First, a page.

My two cents: Is it acceptable to coin new words in translation?
As a translator, every so often I come across a dilemma…none of the current existing terms in one language convey exactly what I’m trying to express in another, so I’m tempted to coin a new term and put it in quotation marks for clarity’s sake. People do this sometimes as a last resort or to keep things interesting. It’s not always acceptable though. It really depends on the situation.
As a pop culture writer, I’ve written at length about the evolution of language and how the coining of new terms is part of the process….language, just like anything else, helps explain the world around us both in the short term and long term. It must stay current to explain the “now” and serve as historical record later. In that sense (when we look at term creation vis-à-vis immediacy, as a “benchmark” in time and as a fundamentally human thing) it would be justifiable to create a term because it serves a purpose and it’s just part of that basic innovative spirit.
But there are always questions that accompany term creation: am I, as the translator, enough of an authority figure to create a word in another language to fit my needs? If so, what are the implications?
Also, I must ask myself if the setting is right. Is the document I’m translating formal or informal? If I were translating something on social media for example, or another promotional document, the rules are a little more relaxed. I’d feel more comfortable creating a term in that instance. If it were something more formal like a law document, then I would avoid it altogether and just go with the closest available “sense” translation.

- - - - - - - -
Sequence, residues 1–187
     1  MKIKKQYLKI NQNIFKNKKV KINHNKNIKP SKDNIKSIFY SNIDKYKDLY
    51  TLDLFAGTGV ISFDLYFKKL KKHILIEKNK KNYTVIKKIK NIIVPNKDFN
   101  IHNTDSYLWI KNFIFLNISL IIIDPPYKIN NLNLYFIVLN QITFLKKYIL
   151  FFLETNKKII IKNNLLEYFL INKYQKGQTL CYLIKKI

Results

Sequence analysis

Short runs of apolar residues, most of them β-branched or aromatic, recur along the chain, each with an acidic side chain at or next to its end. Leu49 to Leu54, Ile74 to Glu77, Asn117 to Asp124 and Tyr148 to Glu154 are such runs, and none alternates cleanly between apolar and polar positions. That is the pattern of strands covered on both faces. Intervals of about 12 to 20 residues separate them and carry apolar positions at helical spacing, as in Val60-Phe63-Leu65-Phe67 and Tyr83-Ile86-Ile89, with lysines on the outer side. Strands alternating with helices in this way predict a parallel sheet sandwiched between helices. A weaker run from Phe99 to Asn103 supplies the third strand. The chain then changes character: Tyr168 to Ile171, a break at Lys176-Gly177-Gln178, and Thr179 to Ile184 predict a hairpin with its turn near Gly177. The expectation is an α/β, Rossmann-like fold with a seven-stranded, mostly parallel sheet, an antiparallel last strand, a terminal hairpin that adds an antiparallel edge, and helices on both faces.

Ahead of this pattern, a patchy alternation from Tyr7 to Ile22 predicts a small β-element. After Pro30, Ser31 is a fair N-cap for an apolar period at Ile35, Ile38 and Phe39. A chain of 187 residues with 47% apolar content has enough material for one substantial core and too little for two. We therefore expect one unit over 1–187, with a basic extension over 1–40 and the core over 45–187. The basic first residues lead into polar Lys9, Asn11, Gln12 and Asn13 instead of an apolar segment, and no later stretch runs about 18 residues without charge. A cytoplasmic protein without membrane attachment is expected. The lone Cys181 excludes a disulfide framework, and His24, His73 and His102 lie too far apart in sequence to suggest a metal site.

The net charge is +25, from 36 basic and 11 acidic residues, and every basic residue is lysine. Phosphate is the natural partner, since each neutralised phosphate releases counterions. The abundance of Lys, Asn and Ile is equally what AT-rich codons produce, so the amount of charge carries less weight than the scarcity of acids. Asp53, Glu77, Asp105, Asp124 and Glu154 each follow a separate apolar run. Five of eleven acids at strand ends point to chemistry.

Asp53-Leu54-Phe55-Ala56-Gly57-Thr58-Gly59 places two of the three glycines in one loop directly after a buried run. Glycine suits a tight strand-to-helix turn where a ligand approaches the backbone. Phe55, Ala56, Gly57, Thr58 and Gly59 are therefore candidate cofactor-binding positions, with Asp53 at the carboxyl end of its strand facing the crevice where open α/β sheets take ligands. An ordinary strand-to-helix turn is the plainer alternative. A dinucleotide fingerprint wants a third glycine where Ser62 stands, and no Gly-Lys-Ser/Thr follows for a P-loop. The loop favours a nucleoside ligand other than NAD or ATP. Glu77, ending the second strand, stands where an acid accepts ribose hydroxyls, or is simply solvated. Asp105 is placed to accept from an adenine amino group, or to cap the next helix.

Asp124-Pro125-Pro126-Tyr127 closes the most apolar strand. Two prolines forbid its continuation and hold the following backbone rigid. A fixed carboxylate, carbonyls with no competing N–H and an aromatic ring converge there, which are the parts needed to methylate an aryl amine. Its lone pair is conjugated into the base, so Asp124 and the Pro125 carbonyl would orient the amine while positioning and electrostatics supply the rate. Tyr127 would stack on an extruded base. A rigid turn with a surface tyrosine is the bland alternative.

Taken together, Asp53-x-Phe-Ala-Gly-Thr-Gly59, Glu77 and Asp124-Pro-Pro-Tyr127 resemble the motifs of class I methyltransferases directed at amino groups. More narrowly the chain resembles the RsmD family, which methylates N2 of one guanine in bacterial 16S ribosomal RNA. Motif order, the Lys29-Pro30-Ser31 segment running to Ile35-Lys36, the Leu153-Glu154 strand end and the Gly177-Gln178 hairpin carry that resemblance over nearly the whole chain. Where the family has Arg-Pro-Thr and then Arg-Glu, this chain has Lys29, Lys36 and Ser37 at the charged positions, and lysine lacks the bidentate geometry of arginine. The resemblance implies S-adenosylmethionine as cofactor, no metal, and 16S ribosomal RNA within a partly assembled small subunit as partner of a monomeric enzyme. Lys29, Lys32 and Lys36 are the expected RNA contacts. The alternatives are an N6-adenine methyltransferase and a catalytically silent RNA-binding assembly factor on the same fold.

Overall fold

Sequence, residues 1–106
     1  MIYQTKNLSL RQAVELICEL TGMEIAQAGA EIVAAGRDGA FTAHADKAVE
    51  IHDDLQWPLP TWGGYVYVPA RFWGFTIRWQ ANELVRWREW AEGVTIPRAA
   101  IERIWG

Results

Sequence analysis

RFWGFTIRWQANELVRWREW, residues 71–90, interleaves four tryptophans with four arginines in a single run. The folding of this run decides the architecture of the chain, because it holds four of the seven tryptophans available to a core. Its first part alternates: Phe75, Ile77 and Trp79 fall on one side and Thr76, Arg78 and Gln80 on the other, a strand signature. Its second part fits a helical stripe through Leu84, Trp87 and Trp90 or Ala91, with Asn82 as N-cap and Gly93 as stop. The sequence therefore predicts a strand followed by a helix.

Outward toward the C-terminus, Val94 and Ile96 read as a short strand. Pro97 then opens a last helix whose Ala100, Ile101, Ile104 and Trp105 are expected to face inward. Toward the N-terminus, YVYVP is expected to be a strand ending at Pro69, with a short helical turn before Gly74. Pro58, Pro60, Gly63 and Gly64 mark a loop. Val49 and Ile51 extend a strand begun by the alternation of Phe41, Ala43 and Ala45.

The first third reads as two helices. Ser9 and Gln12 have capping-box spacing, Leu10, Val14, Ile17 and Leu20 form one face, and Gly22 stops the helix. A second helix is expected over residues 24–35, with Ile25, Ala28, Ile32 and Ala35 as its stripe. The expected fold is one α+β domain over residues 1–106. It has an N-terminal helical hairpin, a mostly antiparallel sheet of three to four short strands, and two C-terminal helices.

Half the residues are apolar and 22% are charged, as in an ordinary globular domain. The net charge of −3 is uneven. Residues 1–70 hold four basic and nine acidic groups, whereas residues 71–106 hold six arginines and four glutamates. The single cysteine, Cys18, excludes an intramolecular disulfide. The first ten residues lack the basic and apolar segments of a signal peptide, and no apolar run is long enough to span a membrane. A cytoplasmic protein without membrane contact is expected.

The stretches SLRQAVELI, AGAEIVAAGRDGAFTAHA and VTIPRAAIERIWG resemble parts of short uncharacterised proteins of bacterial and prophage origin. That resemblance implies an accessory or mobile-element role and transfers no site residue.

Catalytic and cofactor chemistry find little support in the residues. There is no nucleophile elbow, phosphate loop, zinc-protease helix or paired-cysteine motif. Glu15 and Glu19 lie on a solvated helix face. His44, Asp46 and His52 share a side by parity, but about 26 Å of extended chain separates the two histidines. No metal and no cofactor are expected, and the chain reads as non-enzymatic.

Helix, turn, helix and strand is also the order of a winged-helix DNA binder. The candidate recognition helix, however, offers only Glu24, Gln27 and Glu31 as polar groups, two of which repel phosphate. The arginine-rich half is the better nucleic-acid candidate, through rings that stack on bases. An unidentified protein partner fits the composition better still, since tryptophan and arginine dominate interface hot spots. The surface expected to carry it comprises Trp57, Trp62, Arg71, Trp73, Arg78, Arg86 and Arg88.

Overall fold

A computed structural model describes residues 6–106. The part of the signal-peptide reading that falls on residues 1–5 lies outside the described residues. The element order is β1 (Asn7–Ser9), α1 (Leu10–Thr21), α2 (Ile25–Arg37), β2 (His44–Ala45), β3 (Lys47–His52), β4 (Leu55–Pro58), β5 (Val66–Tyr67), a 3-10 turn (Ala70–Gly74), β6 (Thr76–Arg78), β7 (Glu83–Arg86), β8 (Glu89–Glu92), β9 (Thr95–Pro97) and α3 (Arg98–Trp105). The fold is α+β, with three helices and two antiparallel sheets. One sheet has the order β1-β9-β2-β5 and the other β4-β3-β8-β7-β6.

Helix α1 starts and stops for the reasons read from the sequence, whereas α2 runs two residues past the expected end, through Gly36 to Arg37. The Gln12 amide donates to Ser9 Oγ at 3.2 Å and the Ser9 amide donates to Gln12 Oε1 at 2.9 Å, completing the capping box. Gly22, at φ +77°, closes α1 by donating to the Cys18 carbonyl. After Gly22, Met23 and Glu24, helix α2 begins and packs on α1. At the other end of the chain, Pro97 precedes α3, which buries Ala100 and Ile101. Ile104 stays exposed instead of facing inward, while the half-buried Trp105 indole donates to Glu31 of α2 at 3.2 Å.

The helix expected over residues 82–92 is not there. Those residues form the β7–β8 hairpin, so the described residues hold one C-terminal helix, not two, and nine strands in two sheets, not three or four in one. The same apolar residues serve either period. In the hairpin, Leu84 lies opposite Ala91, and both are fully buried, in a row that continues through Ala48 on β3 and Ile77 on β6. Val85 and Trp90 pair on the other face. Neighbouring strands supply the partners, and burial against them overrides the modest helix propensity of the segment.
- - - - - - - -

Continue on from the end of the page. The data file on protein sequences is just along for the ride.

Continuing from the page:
In the end, term creation is a judgment call, one of many a translator has to make. It’s an interesting concept on many levels but one must give it a lot of thought before attempting. Annette
Annette Labbé is Owner and lead translator at Write 2 the Point. Annette established her business in 2011. She has been translating since 2009, writing professionally since 2007, but it has been her lifelong dream to do so. From 2007-2008 she wrote a weekly pop culture column that ran for 71 weeks or so in the Welland Tribune.
She is a member of the Welland-Pelham Chamber of Commerce.
Annette Labbé was born and raised in the Niagara Region, attended French-language schools (elementary school and high school) and subsequently obtained the degree Bachelor of Arts with Major English and Professional Writing, Minor in French from Brock University. While in University she was on the Dean’s Honours List.
Please visit Write 2 the Point to learn more about Annette and how she and her team can help you succeed today.